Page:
Moscow’s vast metro network on Friday launched a fare payment system using facial recognition technology at more than 240 of its stations, officials said, the first of its kind in the world.
Moscow, a city of 12.7 million, has one of the largest video-surveillance systems in the world. It has used facial recognition technology to implement COVID-19 Protesters participating in the quarantine, and political rallies, have also said that the police have used it for preventive arrest and detention.
Officials are now giving passengers the option of using facial recognition to pay their fares with a system called “Face Pay” on camera-equipped turnstiles.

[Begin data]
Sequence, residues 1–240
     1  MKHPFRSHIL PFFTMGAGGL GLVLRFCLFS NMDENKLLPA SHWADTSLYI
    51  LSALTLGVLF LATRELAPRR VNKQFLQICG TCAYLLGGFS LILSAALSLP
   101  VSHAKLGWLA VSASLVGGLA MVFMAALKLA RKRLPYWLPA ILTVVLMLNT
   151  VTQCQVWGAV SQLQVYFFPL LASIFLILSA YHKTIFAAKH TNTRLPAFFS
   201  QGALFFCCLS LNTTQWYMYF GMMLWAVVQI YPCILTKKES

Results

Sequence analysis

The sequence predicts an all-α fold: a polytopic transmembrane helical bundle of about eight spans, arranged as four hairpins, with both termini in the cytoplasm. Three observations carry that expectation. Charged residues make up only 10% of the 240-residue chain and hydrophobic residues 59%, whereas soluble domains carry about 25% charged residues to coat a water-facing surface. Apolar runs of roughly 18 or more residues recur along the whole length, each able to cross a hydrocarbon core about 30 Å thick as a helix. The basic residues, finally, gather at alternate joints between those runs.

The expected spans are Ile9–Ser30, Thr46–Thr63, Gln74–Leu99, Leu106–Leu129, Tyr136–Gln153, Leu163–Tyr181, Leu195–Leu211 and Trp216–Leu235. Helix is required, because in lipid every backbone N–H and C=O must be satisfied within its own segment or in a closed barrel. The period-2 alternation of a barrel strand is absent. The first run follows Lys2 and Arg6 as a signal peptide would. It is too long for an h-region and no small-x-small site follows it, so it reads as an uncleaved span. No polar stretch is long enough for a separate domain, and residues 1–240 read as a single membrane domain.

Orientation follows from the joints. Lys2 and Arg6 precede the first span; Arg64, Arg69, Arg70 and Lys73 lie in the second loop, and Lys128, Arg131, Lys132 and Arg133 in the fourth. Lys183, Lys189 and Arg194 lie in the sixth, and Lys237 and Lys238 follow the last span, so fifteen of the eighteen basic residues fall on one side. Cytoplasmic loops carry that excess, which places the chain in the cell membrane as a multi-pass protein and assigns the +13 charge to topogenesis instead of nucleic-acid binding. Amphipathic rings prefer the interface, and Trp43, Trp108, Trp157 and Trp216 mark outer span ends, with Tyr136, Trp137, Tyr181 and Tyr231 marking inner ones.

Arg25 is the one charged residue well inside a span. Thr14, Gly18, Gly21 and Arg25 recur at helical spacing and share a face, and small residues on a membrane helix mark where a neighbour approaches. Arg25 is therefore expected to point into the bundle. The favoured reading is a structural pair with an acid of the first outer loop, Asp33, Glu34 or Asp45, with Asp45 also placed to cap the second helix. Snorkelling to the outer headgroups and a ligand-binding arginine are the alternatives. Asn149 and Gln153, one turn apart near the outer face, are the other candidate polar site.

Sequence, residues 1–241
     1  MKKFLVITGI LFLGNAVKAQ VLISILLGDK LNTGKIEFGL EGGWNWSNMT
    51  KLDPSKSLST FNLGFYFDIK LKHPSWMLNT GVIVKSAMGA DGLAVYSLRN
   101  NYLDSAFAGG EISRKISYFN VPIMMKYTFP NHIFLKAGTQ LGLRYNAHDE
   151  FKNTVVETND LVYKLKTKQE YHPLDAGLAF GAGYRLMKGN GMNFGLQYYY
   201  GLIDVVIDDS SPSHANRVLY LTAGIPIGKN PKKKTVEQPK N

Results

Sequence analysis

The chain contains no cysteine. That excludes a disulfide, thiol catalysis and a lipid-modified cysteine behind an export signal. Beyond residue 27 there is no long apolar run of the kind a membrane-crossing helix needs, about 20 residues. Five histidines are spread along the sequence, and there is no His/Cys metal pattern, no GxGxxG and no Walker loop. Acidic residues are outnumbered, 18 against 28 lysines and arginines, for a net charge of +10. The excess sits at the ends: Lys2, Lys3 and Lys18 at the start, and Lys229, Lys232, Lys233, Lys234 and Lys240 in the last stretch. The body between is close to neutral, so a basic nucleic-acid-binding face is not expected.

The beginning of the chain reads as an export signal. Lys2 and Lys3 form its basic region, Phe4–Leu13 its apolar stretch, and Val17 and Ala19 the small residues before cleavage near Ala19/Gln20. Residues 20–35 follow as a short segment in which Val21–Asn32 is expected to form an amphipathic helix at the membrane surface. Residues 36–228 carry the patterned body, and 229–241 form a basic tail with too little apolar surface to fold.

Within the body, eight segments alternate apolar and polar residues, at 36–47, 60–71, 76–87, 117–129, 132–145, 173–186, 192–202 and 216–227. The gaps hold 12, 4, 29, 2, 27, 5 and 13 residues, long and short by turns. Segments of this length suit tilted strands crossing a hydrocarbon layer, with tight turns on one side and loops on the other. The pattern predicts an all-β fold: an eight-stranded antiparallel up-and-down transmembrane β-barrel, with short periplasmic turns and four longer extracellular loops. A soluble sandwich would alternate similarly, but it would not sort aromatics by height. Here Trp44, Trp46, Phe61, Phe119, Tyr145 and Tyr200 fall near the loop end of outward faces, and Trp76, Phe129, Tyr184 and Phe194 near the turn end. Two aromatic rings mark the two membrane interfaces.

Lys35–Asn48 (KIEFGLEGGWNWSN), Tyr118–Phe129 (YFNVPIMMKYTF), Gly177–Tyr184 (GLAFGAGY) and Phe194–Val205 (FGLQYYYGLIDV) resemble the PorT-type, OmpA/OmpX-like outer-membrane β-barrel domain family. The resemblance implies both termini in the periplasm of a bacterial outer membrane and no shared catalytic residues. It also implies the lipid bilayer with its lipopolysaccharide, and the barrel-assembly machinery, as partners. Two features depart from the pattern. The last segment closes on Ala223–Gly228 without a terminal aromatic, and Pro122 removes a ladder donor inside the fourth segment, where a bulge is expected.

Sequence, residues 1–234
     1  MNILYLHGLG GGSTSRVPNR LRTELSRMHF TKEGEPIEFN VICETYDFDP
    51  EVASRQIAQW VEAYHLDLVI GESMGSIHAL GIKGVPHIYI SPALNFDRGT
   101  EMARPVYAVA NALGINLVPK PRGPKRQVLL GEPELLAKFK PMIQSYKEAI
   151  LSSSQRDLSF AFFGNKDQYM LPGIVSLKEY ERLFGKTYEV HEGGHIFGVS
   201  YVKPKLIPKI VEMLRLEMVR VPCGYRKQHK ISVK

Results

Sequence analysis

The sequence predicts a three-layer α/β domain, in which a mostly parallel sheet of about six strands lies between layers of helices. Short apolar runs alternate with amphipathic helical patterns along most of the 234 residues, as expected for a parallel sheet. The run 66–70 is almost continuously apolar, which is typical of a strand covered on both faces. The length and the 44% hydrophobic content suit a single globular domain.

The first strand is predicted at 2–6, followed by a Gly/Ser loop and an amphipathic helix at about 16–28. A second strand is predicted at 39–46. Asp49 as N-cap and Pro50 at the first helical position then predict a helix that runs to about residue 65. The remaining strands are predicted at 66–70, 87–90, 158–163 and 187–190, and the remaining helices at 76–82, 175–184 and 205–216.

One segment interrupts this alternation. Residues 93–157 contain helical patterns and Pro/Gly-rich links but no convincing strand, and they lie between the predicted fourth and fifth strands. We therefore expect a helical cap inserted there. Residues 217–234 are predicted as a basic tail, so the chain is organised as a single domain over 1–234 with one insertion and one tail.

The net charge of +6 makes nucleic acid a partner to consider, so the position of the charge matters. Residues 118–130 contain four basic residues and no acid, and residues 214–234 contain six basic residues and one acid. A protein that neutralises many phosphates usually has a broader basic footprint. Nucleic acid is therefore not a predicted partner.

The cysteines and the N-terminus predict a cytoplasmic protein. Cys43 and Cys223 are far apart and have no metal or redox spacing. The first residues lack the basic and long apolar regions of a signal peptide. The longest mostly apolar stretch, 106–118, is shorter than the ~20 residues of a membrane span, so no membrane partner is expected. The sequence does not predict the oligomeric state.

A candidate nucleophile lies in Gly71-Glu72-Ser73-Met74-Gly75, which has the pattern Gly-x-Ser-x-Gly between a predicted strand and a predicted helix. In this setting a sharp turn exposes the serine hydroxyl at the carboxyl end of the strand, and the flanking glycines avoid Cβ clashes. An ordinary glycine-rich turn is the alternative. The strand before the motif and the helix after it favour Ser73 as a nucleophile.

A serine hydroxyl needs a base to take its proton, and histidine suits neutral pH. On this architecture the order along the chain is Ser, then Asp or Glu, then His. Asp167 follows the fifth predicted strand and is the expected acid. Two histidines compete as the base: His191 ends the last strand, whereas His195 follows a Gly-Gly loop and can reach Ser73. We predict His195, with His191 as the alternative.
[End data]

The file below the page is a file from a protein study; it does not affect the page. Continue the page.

“Moscow is the first city in the world where this system is operating on such a scale,” Maxim Liksutov, the head of the Russian capital’s transport department, said in a statement.
Liksutov said that the use of “Face Pay” was voluntary and that other methods of payment remained in use.
Before using the system, passengers must submit their photo through the Moscow Metro application and link it to their transport and bank cards. To use the Metro, passengers registered with “Face Pay” just need to look at a camera mounted on a designated turnstile.
The city’s transport department said passengers’ data would be securely encrypted. However, digital rights groups say the system could undermine privacy and human rights.
Roskomsvoboda, a group dedicated to protecting digital rights and freedom of information, has warned that Face Pay can be used for surveillance purposes.
Moscow’s mayor’s office announced it was launching a facial recognition system in the subway to catch wanted criminals in 2018, when Russia hosted football world Cup.
© Thomson Reuters 2021